Reprinted from Unbound, the Engineering School magazine
July 18, 2012 — Fully a decade ago, John Lach, associate professor electrical and computer engineering at the University of Virginia, knew that engineers held a significant stake in the future of the American health care system.
At the time, industry observers and policy analysts made bold predictions about rising costs and an impending shortage of care providers. Chronic conditions requiring frequent monitoring were on the rise. That trend overlapped with an expanding population of seniors and the unprecedentedly large cohort of baby boomers looming just around the bend.
Lach strongly believed in the future ubiquity of wireless technology and the virtually unlimited potential of its application in health care. Soon after joining the faculty of the School of Engineering and Applied Science in 2000, he dedicated a significant proportion of his research to creating wireless health-monitoring devices, with a goal of contributing to a sustainable future for the health care system and empowering patients to take better control of their own health.
Now, the U.Va. Center for Wireless Health is an emerging leader in a market that could touch millions of lives spanning every community in the nation.
"Not long ago, there were few who listened," Lach said. "Today, there is acute need. Now I regularly get calls about the progress we are making and where we are headed next."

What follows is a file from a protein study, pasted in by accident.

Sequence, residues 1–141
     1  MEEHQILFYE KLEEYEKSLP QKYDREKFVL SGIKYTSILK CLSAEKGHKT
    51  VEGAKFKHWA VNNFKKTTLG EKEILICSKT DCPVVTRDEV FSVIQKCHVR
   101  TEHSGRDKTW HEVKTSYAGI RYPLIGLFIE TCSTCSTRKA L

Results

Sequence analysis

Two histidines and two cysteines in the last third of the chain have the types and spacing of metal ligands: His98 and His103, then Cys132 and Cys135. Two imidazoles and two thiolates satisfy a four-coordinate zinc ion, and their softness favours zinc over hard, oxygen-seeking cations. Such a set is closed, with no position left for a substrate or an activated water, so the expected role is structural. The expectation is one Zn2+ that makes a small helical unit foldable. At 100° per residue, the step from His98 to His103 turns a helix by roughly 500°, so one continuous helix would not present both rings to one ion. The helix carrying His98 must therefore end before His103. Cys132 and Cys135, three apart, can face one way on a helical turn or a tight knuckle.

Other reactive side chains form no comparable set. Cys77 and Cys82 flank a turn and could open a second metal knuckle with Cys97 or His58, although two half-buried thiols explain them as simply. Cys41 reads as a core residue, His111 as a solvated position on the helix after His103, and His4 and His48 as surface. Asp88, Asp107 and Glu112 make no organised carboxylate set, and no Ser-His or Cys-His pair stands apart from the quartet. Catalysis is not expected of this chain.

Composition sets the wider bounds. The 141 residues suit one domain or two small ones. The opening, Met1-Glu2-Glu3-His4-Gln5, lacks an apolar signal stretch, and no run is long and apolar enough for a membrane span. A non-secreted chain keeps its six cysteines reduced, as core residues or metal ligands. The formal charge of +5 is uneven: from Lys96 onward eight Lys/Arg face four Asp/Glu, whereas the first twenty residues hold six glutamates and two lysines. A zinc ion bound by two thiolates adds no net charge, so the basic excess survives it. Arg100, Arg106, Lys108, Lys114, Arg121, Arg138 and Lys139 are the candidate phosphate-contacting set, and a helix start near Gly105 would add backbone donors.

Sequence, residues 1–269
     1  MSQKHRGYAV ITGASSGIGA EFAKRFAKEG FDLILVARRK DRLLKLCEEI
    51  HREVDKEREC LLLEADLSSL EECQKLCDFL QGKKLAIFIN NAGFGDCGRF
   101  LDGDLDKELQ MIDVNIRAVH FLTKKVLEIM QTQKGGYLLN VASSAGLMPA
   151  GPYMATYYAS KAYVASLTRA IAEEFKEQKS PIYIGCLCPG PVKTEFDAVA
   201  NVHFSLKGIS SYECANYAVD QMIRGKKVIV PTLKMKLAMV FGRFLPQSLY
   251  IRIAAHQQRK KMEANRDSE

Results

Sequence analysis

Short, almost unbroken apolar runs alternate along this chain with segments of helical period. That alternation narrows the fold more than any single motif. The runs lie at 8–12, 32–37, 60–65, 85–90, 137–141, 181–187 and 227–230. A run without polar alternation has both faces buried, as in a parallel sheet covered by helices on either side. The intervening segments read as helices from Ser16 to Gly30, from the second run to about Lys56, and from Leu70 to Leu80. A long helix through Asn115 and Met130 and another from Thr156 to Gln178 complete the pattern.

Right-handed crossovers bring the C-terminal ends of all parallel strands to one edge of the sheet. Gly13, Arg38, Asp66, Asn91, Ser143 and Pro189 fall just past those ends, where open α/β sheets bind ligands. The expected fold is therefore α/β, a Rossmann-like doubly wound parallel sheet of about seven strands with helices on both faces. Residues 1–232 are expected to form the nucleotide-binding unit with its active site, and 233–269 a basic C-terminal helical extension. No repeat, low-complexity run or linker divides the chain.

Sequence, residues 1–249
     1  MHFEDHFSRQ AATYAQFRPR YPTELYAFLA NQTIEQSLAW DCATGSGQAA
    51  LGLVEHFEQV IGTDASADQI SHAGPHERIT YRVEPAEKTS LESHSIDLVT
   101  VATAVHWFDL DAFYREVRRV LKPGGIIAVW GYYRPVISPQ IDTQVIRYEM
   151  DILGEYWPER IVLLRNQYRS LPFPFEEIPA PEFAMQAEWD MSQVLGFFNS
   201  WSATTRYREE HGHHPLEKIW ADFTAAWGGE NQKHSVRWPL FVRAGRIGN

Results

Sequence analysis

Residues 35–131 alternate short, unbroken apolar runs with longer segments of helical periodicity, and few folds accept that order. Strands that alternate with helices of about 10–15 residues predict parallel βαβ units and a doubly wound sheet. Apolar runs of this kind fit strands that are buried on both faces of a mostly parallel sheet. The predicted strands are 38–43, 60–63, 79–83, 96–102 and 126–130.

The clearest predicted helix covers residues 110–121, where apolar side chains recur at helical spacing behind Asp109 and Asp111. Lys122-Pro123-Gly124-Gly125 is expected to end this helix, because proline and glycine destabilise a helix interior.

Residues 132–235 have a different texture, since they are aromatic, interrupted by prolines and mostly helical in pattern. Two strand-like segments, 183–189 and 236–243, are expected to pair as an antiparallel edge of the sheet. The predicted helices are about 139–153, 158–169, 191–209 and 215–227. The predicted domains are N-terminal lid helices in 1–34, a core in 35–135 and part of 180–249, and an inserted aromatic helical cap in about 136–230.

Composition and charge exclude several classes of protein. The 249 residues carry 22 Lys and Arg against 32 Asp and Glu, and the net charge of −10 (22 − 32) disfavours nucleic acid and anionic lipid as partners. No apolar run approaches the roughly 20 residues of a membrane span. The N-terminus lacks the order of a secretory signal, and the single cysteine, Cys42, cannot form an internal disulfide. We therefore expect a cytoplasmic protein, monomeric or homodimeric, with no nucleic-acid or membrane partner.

Three key facets of Lach's work tightly align with the future of health care. First, wireless monitoring can help people live independently longer. Second, the data flow dramatically enhances the ability to deliver personalized care during clinic visits or inpatient hospital stays. Third, the data are more accessible to patients and their families, enabling an increased role in maintaining and improving health at home.
Caring for aging parents is becoming a leading concern for the baby-boom generation. From a cost and a personal preference perspective, assisted-living communities are fast becoming an option of last resort rather than a preferred choice for seniors advancing in age.
One of the keys to independent living is early detection of major health problems. In most cases today, intervention takes place in response to a condition or an event, such as a fall, instead of with a goal of prevention.
Through wireless technology, Lach's teams are working to enhance living environments so behavior or actions preceding an event can be noted, with appropriate family and health care providers alerted so that modifications to care or the household can be made. In the case of mobility, sensors can detect subtle changes in a person's gait, and identify those changes as likely predictors of a fall. The data trigger a call for evaluation and remediation, such as physical therapy or reassessment of the patient's living environment.